“The Acts of the Apostles is the companion volume to Luke’s Gospel. Both books are addressed to Theophilus (see Luke 1v3 & Acts 1v1). Some would like to rename the Book, ‘the Acts of the Holy Spirit’, because, as they point out, the Holy Spirit is mentioned sixty-one times! But this might give the impression that Jesus’s work is over & He ceases to be central. Rather, Acts tells how the ascended Jesus continued to work through His Spirit-empowered apostles & people.” Rodger Crooks – One Lord, One Plan, One People
The writer of the book is Luke, a physician and historian of remarkable ability. In his book, Church on the Move, Peter Williams says, “It is not difficult to see what we owe to Luke. Without his history, we should know little, if anything, of the origin and progress of the church, the outpouring of the Holy Spirit, the organisation of the church and its methods of evangelisation. Also, in a more general way, Acts serves as a link between the Gospels and the rest of the New Testament.”
Calvin describes The Acts as “a vast treasure”. Peter Williams’ book is called “Church on the Move” and the IBS Study booklet calls the Book, “Mission Unstoppable!”. The NIV Study Bible refers to it as “a bridge that ties the church with each succeeding age”. All of these descriptions are helpful to us in getting to grips with what the Book is going to tell us.
“Luke, in his Gospel, shows what Christ began to do on earth; Acts shows what He continued to do by the Holy Spirit through the disciples. The ascension of our Lord is the closing scene in Luke. It is the opening fact in Acts.
- The Gospels set forth the Son of Man, who came to die for our sins. Acts shows the coming of the Son of God in the power of the Holy Spirit.
- The Gospels tell of the crucified and risen Saviour. Acts portrays Him as the ascended and exalted Lord & Leader.
- In the Gospels we hear Christ’s teachings. In Acts we see the effects of His teachings on the Apostles.
Acts is not a record of the acts of all of the Apostles, as no extensive accounts are given of any of the Apostles except Peter & Paul! It records the acts of the Holy Spirit through the Apostles. His name is mentioned about seventy times. Look for some of the Holy Spirit in every chapter of this book.” H. Mears – What the Bible is all About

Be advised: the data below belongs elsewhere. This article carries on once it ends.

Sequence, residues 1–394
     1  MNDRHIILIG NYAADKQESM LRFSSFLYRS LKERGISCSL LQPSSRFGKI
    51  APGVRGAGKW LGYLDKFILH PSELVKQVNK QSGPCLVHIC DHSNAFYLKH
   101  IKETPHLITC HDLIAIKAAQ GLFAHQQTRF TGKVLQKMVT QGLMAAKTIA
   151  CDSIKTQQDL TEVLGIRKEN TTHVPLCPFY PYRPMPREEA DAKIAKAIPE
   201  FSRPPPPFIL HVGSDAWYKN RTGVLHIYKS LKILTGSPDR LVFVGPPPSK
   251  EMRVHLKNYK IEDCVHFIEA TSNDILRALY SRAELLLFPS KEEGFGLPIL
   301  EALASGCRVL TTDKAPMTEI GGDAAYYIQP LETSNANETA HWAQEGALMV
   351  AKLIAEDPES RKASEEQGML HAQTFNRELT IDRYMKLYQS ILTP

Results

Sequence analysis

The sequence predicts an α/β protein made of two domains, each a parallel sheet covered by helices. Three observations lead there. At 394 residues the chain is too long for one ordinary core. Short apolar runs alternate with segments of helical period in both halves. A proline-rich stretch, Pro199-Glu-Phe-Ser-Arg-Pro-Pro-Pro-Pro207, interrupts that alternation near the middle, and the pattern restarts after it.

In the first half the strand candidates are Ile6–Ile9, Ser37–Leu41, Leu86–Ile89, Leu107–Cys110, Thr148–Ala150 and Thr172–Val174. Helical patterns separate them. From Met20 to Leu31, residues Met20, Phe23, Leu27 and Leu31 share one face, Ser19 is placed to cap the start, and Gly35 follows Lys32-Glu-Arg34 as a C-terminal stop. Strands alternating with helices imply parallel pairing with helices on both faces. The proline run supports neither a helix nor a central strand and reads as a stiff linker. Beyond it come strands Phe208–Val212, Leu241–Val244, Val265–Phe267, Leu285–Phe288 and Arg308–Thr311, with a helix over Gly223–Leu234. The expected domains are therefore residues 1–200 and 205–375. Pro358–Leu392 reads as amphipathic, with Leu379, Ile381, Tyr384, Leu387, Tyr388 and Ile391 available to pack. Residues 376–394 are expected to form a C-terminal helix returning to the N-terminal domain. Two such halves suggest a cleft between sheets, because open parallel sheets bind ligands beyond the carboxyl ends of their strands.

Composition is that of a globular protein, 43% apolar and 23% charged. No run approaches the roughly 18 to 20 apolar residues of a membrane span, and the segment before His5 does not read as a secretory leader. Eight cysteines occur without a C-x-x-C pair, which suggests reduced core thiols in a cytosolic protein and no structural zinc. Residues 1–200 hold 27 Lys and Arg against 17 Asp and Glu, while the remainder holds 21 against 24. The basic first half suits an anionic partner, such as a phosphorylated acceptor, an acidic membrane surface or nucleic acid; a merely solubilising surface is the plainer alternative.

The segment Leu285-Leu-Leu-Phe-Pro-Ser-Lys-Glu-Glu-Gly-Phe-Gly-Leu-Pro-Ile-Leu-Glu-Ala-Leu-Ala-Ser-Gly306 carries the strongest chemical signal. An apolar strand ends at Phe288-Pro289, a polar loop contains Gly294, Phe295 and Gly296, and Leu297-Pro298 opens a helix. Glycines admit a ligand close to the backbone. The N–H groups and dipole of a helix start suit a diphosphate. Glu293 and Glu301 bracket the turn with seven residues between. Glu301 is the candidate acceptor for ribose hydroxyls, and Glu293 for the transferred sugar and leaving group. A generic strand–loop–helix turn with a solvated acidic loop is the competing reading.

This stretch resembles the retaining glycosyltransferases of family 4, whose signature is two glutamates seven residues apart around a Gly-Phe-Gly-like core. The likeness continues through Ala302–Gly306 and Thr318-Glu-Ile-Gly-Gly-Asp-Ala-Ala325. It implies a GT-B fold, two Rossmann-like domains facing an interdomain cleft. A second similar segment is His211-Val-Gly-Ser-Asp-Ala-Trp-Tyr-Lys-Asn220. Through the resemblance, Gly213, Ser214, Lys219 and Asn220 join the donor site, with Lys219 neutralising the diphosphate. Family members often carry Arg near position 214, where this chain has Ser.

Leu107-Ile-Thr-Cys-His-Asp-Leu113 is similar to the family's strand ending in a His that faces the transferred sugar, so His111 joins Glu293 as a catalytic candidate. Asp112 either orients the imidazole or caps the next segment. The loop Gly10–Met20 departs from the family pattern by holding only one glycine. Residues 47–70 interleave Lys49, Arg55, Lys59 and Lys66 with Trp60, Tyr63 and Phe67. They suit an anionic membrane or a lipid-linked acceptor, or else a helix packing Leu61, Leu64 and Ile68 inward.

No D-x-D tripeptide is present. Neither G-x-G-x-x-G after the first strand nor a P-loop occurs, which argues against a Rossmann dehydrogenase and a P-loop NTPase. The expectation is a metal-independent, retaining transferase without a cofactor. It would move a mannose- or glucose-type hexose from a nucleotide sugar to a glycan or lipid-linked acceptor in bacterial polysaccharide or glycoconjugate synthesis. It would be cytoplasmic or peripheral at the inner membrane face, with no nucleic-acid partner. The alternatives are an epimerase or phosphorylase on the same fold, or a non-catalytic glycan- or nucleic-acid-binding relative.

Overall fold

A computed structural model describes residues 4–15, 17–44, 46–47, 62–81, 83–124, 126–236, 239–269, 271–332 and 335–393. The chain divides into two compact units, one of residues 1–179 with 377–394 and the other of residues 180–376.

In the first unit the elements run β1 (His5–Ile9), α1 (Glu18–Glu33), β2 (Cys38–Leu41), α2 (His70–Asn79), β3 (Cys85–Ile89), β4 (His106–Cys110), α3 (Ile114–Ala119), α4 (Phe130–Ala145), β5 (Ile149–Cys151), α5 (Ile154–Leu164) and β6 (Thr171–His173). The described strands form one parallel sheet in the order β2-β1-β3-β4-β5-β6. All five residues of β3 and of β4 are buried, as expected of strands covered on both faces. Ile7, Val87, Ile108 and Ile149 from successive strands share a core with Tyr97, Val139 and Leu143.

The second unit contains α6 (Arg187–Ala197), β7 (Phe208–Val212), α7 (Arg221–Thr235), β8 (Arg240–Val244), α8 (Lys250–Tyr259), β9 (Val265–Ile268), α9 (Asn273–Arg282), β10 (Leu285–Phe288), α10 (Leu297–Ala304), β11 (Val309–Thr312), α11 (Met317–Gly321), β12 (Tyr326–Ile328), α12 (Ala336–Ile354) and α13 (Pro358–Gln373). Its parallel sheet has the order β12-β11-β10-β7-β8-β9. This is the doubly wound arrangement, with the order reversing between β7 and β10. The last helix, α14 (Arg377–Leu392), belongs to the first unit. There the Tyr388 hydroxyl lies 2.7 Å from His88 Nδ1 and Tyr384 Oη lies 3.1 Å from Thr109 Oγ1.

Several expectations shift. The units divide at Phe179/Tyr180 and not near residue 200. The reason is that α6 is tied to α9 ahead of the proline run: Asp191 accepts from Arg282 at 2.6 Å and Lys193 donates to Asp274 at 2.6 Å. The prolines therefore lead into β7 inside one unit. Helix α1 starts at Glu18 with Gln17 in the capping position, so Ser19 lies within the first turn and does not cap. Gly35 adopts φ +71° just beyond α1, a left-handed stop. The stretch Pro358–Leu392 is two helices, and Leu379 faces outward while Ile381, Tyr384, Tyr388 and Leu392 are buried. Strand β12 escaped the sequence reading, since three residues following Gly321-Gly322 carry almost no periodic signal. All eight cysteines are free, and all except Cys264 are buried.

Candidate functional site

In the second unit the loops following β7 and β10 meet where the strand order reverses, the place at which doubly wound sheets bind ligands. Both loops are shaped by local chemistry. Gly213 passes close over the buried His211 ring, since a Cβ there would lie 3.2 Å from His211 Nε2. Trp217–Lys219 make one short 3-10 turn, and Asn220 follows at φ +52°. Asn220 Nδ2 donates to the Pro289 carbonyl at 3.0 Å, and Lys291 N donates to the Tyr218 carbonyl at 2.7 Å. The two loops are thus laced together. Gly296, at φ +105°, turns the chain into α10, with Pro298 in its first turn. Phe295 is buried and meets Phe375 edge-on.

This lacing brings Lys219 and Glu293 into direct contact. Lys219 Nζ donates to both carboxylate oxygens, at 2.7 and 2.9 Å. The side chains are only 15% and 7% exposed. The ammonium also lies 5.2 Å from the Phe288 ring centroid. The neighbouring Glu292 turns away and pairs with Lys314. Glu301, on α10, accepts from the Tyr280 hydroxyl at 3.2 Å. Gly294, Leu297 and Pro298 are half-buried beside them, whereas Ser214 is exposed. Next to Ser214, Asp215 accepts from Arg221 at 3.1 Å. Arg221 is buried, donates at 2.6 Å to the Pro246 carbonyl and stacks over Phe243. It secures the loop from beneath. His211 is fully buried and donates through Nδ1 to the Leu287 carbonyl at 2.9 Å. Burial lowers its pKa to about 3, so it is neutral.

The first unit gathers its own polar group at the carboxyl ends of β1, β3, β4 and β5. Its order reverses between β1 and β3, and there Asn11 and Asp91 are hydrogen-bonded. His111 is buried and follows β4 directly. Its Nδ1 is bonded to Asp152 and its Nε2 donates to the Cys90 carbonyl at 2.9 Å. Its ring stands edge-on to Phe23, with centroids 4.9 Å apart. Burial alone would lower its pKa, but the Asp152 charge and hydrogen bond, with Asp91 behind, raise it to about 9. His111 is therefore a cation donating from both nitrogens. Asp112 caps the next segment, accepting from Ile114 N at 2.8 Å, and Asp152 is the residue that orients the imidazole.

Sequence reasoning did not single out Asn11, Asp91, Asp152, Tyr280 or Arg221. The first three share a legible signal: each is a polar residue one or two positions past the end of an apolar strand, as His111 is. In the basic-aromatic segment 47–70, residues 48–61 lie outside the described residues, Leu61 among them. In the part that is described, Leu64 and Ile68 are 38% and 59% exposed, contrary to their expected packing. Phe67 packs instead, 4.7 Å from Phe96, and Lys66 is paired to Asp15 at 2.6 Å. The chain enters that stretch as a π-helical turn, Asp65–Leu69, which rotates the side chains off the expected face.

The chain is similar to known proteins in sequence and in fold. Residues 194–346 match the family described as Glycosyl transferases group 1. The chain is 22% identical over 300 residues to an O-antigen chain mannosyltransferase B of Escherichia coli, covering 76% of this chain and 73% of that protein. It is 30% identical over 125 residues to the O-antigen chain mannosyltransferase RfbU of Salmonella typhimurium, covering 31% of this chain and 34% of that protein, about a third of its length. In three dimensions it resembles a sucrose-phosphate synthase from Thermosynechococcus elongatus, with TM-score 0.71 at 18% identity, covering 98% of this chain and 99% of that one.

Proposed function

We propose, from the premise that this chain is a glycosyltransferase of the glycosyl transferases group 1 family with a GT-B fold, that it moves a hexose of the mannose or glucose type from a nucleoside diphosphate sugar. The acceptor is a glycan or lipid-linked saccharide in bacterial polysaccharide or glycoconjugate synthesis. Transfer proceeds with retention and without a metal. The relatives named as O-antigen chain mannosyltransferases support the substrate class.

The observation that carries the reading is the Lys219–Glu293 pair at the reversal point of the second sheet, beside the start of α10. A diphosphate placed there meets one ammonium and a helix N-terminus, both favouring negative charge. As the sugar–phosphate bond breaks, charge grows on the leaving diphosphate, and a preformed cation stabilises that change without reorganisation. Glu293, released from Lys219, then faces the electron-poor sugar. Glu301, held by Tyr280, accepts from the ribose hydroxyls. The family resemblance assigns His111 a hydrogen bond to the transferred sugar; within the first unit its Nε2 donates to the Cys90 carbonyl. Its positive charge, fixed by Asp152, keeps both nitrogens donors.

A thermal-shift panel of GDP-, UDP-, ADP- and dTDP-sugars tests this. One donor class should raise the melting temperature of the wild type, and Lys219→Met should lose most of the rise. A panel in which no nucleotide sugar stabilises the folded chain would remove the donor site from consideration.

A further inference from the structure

Timeline (All dates are approximate)
Acts 1 – 8:
- 30AD Ascension of Christ. Pentecost and beginnings of the New Testament Church.
- 32AD Martyrdom of Stephen. Missionary journey of Philip and conversion of the Ethiopian.
- 34AD Conversion of Saul of Tarsus.
- 35AD Paul visits the Jerusalem church for the first time
- 44AD James is martyred. Peter is miraculously freed from prison.
- 47AD Paul begins his first missionary journey with Barnabas (& for a time, John Mark).
- 49AD Paul begins his second missionary journey with Silas (& later, Timothy & Luke).
- 52AD Paul begins his third missionary journey with Timothy & Titus (& others joining them at various points).
- 56AD Paul imprisoned in Jerusalem and then in Caesarea.
Acts 27 – 28:
- 59AD Paul imprisoned in Rome.
Not recorded in Acts:
- 61AD Paul makes his final travels.
- 64AD Great fire at Rome – many Christians put to death.
- 64AD or 67AD both Peter & Paul are martyred
In the preface to Gordon Keddie’s commentary, he refers to three key areas that the Book of Acts demonstrates for us, namely:
- The history of the work of the Holy Spirit.
- The setting out of the doctrine of the church.
- The striking “evangelistic impulse that bursts out of every page”.
Relevance for us today:
“Here, most personally and immediately are our own ‘roots’ as the followers of Jesus.” Gordon Keddie – You are my Witnesses
“It is both thrilling and wonderful… to think that Jesus did not leave this world and return to the Father’s glory without first making arrangements for the on-going work of the gospel here below. What makes it thrilling is that He did not entrust that work to angels or divine beings but to ordinary men like the Apostles and through them to ordinary people like ourselves. There is a real sense therefore in which we can say that the ministry of Jesus never ends, and is being continued to today in the lives and witness of all Christian believers through the power of the Holy Spirit at work in the church. What a great privilege and enormous responsibility we have therefore in being part of the body of Christ in the world.” Peter Williams – Church on the Move
3 Essentials to begin:
There are three essentials that occur at the beginning of “mission unstoppable”. They set the scene for the rest of the story!
- The promise of the Holy Spirit (1 v 4 – 8)
- The ascension of the Lord Jesus (1 v 9 – 11)
- The necessity of corporate prayer (1 v 12 – 14)
In addition to those written by Peter Williams & Gordon Keddie which are mentioned above, other good commentaries include those by John Calvin, Richard Lenski & Joseph Alexander.
These notes accompany the sermon series preached at Castlefields Church in 2020. Click here to listen to the whole series for free!